In truth, England never looked like they’d finish as anything other than comfortable winners throughout the course of the match, even finishing the first half with a try despite Jonny May’s sin bin in the 34th minute. Despite that yellow card, England held their discipline well, something which was lacking in their defeat to the Pumas last weekend, conceding just six penalties, their lowest tally in a Test match since October 2020 (five vs. Georgia).
England’s pack were also incredibly solid at the breakdown, winning all 50 of their rucks and becoming the first Tier One side to finish a Test match with a 100% success rate on their own rucks in 2022, while loosehead prop Ellis Genge also found himself on the scoresheet, registering his fifth try in six games since the start of the 2022-23 season, including his escapades for Bristol Bears this term.
Japan, as ever, tried their best to pierce England’s lines, and did manage to cause a few problems, with their tally of 38 defenders beaten the most of any team in a Test match against England since New Zealand managed 46 in November 2018. However, considering their narrow loss to New Zealand in their last Test match, head coach Jamie Joseph will be disappointed with the manner of this defeat, and much work is needed defensively should they wish to avoid another heavy defeat in Toulouse against France in the next round of the Autumn Nations Series.
England, meanwhile, must prepare for what is certain to be a hotly contested fixture against New Zealand, in what will be their first meeting since their famous clash in the semi-finals of the 2019 World Cup.
Wales 20-13 Argentina
Wales recorded a win against the Pumas to restore some much-needed confidence after their defeat to the All Blacks a week earlier. Although it wasn’t the most open game the crowd at the Principality Stadium are likely to see, Wales were certainly more efficient with their time in possession of the ball.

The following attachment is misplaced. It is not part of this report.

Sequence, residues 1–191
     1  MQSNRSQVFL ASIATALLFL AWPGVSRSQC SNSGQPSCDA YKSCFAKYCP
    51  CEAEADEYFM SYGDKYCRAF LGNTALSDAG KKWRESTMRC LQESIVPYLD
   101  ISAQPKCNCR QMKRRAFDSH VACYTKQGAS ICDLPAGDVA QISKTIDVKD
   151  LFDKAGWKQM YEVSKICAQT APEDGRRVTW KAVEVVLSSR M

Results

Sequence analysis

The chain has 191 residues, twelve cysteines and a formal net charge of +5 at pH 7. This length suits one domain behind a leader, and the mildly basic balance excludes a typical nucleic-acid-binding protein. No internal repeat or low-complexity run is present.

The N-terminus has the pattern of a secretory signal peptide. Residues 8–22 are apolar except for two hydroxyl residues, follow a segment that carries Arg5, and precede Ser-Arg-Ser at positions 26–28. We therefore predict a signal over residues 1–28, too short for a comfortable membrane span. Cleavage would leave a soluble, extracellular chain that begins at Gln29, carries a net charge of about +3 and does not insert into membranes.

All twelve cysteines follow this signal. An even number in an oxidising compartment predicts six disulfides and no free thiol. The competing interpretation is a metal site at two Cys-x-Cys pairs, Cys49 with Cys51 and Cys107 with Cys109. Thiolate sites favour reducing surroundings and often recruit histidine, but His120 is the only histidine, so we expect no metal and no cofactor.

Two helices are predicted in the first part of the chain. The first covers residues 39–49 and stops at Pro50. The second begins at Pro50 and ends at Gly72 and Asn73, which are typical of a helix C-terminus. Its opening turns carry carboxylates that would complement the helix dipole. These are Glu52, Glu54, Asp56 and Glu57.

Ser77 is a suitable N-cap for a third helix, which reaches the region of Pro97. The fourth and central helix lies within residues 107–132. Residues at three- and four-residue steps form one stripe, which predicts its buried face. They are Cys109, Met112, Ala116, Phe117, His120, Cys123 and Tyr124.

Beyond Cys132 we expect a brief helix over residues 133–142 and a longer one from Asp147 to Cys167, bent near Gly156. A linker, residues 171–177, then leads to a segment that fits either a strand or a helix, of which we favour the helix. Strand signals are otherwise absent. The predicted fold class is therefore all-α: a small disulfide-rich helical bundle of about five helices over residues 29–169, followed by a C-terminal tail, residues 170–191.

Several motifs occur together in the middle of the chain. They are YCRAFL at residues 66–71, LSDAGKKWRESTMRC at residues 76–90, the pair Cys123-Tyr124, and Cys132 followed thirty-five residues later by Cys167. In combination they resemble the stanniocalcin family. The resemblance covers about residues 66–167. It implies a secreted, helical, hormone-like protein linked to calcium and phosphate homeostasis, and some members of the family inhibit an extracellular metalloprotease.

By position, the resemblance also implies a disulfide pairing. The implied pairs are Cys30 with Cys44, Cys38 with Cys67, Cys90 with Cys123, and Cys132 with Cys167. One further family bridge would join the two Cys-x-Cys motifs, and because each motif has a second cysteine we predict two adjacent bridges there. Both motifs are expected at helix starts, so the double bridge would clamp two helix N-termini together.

Despite making over 20 carries fewer than Argentina, Wales carried for 386 metres to Argentina’s 343, recording an average gain of four metres per carry, compared to just 2.9m for the Pumas. Wales also beat more defenders (21-15) and made more line breaks (2-1) and offloads (5-3) than Argentina.
But let’s talk about Taulupe Faletau for a minute. The Wales number 8 was as brilliant as ever, a man who doesn’t do performances that are any less than eight out of 10. He was Wales’ top ball carrier against Argentina (10) as well as making 15 tackles and hitting 19 rucks and his high work rate has been a theme so far this Autumn Nations Series. He’s made a combined 66 carries (25) and tackles (41) in his two games so far, 12 more than any other player over the last two weekends and even if you include the opening Autumn Nations Series weekend in which only Scotland and Australia played, only Matt Fagerson – who has played 60 minutes more than Faletau – has posted bigger numbers (68: 20 carries, 48 tackles). Oh, and did we mention he’s yet to miss a tackle too…?
Faletau rounded off his fine performance with a try, coming at the back of a maul and therefore being one of the easier ones he’ll score, but given his contribution around the park no one could begrudge him an easy five-pointer.
France 30-26 South Africa
One thing you’re always guaranteed when France take to the pitch is excitement, and their clash against South Africa on Saturday certainly provided no shortage of talking points. The tone for this heated affair was set early on, with Pieter-Steph du Toit sent off after just 12 minutes for an illegal clearout. The Springboks have now received either a sin bin or a red card in each of their last eight Test matches, after receiving none in their previous three.